Having said that, it appears your interpretation of the language in 512 (c)(3)(vi) is in error. The phrase "under penalty of perjury," applies to the representation that the complaining party is authorized to act on behalf of the copyright owner. It does not apply to the accuracy of the information about the alleged infringement. Quoting federal district Judge Bates in Verizon v. RIAA, The DMCA also requires a person seeking a subpoena to state, under penalty of perjury, that he is authorized to act on behalf of the copyright owner, 257 F. Supp.2d 244, at 262. In other words, the perjury clause may be violated if you seek a DMCA subpoena without the authorization of the copyright owner.

        We are unaware of any prosecutions for violating this provision of the DMCA at this time.
        • by crucini (98210) on Friday September 03, 2004 @08:38PM (#10154683)
          I love the fact that this comment is at zero, while those ignorantly claiming the opposite are modded up to "+5 insightful". Attention slashdotters: pandering to your prejudices is not insightful, especially when it's incorrect.

          When you amplify the voices that tell you what you want to hear, you end up in a deceptive coccoon of illusions. You are like toddlers wandering into the path of a freight train, immersed in your play and fantasy.
  • by Anonymous Coward on Friday September 03, 2004 @04:32PM (#10152741)
    Oh, wait.
  • by Anonymous Coward on Friday September 03, 2004 @04:33PM (#10152753)
    Why don't all the geeks in a collective act of corporate law disobediance just start using files with the names of copyrighted music/movies/literature/software and force the record and movie labels to waste tons of their financial resources sending out worthless legal letters?
  • by xmorg (718633) on Friday September 03, 2004 @04:34PM (#10152758) Homepage
    That they are not as smart as you think. They probably dont even read or listen the content or compare the size.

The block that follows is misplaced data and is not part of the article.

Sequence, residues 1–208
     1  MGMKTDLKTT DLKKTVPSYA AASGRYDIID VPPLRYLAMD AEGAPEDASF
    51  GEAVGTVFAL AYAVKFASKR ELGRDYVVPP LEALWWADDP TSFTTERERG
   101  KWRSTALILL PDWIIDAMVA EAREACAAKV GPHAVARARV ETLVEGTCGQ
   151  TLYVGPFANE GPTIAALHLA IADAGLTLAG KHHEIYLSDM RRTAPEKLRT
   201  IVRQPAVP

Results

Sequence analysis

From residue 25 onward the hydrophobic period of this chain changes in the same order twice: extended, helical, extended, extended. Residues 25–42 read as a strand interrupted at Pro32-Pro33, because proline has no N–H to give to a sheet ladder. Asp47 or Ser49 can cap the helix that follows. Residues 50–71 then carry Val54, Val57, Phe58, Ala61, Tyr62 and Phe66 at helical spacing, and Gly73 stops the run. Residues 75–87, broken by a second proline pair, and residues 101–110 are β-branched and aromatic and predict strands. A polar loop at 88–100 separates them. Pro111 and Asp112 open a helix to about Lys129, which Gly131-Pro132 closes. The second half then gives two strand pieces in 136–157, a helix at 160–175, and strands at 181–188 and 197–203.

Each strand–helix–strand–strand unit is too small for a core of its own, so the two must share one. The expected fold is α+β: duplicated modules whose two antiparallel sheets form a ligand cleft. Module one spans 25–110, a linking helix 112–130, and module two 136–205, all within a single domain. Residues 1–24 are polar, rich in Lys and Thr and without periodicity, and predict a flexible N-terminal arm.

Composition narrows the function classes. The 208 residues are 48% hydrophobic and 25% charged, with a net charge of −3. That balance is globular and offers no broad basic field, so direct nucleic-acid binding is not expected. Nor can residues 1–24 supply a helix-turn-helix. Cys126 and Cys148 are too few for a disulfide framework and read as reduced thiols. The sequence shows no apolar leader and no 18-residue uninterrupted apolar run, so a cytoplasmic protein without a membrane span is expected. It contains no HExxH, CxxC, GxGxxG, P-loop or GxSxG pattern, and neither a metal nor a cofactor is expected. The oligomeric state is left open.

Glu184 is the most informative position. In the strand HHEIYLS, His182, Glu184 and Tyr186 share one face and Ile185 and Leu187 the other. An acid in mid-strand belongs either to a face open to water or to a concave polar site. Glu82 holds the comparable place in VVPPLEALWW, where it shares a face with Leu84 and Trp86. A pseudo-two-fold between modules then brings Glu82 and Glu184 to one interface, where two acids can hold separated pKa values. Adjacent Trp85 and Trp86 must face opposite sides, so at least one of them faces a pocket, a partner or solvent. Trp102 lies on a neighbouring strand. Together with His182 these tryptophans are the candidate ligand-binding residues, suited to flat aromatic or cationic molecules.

WE'RE WATCHING YOU - doesnt sound as scary, especially if they really dont know what they are seeing.
    • WE'RE WATCHING YOU - doesnt sound as scary, especially if they really dont know what they are seeing.

      Somehow, that argument doesn't sound right to me:

      WE'RE LITIGATING AGAINST YOU - doesnt sound as scary, especially if they really dont know what they are litigating.

      WE'RE SHOOTING YOU - doesnt sound as scary, especially if they really dont know what they are shooting.

    • by ultranova (717540) on Friday September 03, 2004 @04:52PM (#10152968)

      That they are not as smart as you think. They probably dont even read or listen the content or compare the size.

      Why should they ? If these letters are sent automatically, it's much faster to skip any checks and just send the letter whenever there's even the slightest cause of suspicion. After all, the false positives won't hurt the them, just the poor bastard whose ISP gets such a letter and cuts the service.

      WE'RE WATCHING YOU - doesnt sound as scary, especially if they really dont know what they are seeing.

      You aren't scared that you might be punished (your ISP cuts the Internet access, police confiscates your computer, legal fees start piling up, you'll have to settle out of court or go banckrupt...) even if you're not guilty and there's no real evidence against you, just on some third-rate AIs word ? I would be, were I an American...

    • WE'RE WATCHING YOU - doesnt sound as scary, especially if they really dont know what they are seeing.

      No, it's scarier if they are willing to prosecute, or even simply threaten prosectution, on such grounds.

      Not to mention what amounts to the power to have your internet account shut down on such grounds with it being your responsibility to "prove" noninfringment to get reinstated.

      KFG
  • Newsflash (Score:5, Funny)

    by Zorilla (791636) on Friday September 03, 2004 @04:35PM (#10152766)
    The letter is available here that demands the removal of roughly 120K of open-source TCL code that they believe to be a 'copyrighted motion pictures.'

    In other news, proof of life on Alpha Centauri was found on a Bazooka Joe bubble gum wrapper yesterday.

    Yeah, makes just about as much sense as motion pictures in code.
    • by shfted! (600189)
      You mean telnet://towel.blinkenlights.nl doesn't make sense to you? I've never though I'd watch a full feature film over my modem.
  • Another thing (Score:5, Informative)

    by iamdrscience (541136) <michaelmtripp@g m a i l . com> on Friday September 03, 2004 @04:35PM (#10152767) Homepage
    This also reminds me of when the BSA tried to get a university to take down unlicensed copies of MS Office that were, in fact, copies of Open Office [openoffice.org]. Link here [theinquirer.net].

    Seriously, you'd think these people would bother to at least give files a once over before sending out cease-and-desist letters.
  • Experiment... (Score:5, Interesting)